TechCrunch recently featured post by TechCrunch TV featuring Jeremy Rifkin, author of The Third Industrial Revolution, who argues that Europe will be the next cradle of innovation. To that end, we’re increasingly finding VCs in Europe looking for the best hubs for those innovators. And we recently argued that the axis of power was swinging behind both London and Berlin. But EarlyBird Capital was the first VC to open an office in Berlin this year and others like Accel and Index have become regular visitors. Below, Roberto Bonanzinga, partner at Balderton Capital, argues why he thinks Berlin could produce the next Facebook.
Whilst we don’t know when or where the next Facebook will be created, we do know where to start looking: Berlin. It’s a city which defines ingenuity and creativity. Walking between Prenzlauer Berg and Mitte, you could easily believe you were in South of Market (SOMA) in San Francisco during the nineties. There’s the same energy, the same passion and the same creative atmosphere which is transforming Germany’s ‘capital of cool’ into Germany’s ‘capital of start ups’.
But this begs the question: Why Berlin? From my perspective, I believe there are five factors that have combined to create a unique ecosystem.
1. Second generation entrepreneurs have been moving on from Start-Up Factories
In the last few years several of the controversial Samwer-style start-up factories have started appearing in Berlin. They consistently divide opinion as to the ethical nature of their objectives, but few can deny the educational dimension that they bring to the Berlin ecosystem. They allow young teams of first time entrepreneurs to set up companies under the guidance and leadership of veteran entrepreneurs, which means they can learn on the job in a relatively low-risk environment whilst being paid a salary.
And whilst I always prefer to invest in entrepreneurs who have significant ‘skin in the game’, it is important to recognize that start-up factories are creating a city of knowledgeable and practised entrepreneurs. Most of these teams go on to set up second ventures and the second time around they are much better equipped to manage the risks , better informed when it comes to funding options and they understand the exact mix of ingredients needed to build successful companies.
2. Universities are serious about entrepreneurship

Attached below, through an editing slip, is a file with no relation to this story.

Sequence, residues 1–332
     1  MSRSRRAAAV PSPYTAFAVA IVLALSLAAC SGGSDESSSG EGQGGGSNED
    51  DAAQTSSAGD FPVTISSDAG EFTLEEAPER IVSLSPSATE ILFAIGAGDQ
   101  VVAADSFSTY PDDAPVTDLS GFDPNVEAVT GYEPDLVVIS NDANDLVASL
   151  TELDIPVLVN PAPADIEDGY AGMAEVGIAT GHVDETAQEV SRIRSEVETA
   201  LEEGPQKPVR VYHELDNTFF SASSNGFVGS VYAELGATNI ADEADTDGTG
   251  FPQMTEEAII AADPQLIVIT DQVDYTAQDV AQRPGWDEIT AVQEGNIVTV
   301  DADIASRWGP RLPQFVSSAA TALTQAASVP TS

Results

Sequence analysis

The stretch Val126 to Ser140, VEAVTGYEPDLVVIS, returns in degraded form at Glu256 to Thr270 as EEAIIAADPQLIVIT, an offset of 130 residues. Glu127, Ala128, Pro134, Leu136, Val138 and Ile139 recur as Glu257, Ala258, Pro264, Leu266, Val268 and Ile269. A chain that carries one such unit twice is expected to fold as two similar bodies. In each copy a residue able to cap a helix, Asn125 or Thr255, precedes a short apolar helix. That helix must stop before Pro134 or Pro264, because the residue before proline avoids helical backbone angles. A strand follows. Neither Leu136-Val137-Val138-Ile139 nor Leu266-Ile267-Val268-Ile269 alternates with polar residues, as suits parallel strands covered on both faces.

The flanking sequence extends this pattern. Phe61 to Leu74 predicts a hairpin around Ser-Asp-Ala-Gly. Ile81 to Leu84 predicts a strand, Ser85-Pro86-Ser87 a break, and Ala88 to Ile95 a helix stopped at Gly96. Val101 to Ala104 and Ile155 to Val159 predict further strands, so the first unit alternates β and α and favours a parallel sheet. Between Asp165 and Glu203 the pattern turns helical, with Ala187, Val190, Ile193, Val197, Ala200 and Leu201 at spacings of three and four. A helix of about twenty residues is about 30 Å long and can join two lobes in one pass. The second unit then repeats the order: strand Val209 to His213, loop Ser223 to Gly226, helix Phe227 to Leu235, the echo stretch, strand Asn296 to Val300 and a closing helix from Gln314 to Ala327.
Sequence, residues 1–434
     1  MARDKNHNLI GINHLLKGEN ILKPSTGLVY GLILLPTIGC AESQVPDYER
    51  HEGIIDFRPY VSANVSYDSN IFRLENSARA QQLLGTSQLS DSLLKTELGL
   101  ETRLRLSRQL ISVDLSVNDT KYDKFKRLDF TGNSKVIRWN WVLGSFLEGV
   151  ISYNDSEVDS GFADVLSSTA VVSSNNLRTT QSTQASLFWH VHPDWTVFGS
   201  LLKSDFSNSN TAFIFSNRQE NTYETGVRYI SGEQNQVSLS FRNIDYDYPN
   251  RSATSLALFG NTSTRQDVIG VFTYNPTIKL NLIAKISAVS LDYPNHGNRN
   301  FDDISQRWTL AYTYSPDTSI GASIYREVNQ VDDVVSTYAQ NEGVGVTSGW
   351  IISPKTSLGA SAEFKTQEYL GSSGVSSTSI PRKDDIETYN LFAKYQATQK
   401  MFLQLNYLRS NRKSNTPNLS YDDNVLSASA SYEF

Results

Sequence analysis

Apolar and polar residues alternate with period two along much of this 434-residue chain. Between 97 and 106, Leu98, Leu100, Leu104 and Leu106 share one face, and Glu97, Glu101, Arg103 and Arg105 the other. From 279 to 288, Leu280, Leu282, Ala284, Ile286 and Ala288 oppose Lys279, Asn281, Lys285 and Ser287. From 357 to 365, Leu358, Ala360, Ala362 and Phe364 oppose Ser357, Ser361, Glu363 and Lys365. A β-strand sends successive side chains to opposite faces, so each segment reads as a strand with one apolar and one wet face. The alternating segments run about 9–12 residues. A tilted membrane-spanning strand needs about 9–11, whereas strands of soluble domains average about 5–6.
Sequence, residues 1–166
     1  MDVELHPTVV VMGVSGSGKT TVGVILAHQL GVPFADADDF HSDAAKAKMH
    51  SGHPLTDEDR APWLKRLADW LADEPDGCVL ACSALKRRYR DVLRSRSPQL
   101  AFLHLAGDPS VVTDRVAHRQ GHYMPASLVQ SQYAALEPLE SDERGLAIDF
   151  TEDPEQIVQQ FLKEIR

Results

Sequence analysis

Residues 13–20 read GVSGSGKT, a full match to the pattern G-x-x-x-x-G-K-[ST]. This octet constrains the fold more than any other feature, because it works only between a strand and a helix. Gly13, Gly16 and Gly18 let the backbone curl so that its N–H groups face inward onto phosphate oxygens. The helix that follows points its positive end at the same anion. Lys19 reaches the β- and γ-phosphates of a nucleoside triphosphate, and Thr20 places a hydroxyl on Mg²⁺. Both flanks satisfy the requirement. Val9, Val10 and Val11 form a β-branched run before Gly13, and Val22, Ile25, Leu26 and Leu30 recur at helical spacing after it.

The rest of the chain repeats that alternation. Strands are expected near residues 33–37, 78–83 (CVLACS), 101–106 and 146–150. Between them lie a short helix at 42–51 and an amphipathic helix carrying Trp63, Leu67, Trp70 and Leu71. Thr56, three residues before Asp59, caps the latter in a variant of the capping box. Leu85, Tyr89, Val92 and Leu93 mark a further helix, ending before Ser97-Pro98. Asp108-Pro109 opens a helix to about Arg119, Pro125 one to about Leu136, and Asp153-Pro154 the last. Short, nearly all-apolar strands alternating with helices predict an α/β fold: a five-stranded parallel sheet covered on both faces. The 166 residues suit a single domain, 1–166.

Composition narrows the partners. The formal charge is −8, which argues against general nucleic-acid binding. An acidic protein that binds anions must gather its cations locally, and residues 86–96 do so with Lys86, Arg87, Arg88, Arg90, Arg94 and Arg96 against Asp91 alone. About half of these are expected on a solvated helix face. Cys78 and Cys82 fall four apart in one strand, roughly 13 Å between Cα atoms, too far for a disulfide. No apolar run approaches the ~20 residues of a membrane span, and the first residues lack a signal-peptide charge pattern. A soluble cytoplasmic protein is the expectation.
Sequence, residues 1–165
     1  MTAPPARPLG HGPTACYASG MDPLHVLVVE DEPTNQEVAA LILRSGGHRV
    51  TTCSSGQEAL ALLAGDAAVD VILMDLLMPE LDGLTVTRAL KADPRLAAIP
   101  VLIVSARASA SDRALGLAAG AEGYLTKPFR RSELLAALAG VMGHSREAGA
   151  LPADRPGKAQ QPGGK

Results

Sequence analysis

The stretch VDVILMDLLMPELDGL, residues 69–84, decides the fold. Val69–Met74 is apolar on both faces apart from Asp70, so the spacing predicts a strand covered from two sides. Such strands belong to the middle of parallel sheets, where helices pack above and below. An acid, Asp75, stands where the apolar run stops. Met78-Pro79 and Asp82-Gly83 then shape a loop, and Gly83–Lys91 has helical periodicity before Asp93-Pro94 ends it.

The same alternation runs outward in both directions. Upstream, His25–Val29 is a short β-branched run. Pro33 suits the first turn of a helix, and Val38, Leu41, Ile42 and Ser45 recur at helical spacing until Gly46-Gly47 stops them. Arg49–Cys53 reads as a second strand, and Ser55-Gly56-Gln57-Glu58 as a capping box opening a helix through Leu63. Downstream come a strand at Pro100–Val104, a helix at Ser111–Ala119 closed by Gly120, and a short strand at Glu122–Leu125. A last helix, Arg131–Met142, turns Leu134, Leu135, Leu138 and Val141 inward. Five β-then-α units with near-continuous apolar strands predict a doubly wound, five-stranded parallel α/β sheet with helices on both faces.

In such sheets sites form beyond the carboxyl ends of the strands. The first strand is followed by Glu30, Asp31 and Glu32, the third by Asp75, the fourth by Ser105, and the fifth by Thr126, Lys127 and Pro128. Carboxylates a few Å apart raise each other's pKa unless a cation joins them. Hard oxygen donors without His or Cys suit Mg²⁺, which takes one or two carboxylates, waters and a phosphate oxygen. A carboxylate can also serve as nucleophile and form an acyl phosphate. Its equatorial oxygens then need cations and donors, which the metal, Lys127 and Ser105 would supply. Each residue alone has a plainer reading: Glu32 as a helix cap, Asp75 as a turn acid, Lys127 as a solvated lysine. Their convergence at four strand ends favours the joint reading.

German Business Schools attach considerable importance to entrepreneurship and rank it highly on the curriculum. Indeed at WHU, the University Administration is even considering establishing their own business incubator and every year they organise a conference on entrepreneurship. I sincerely hope European business schools follow their lead.
3. Internationalisation is a key trend across the whole city
Walking around Berlin is clear that most people speak English. In the world of start-ups this has become even more important – in my portfolio company Wooga there are people coming from 20 different nationalities and the only language used internally is English.
4. Local momentum is picking up
The number of start-ups being founded in the city has snowballed. When posing the question on the Berlin StartUps Facebook Page , entrepreneurs counted 20 companies which had been funded with more than €1M in the last 12 months. And this clearly does not take into account the multitude of companies that are funded with less capital at the early seed stage.
5. Creativity is the fuel
With more and more artists drawn in, Berlin has become a thriving hub of ingenuity. The city is now home to the world’s greatest Electronic Music scene, critically acclaimed architects and a much-touted art scene. It’s an atmosphere of creativity that nurtures talent and inspires a diverse talent pool to continue growing.
At Balderton Capital we like to invest at the earliest stages and we are geographically agnostic. However, I will make it my personal mission to ensure Berlin is my centre of gravitas. Why? Obvious…I am hunting for the next Facebook!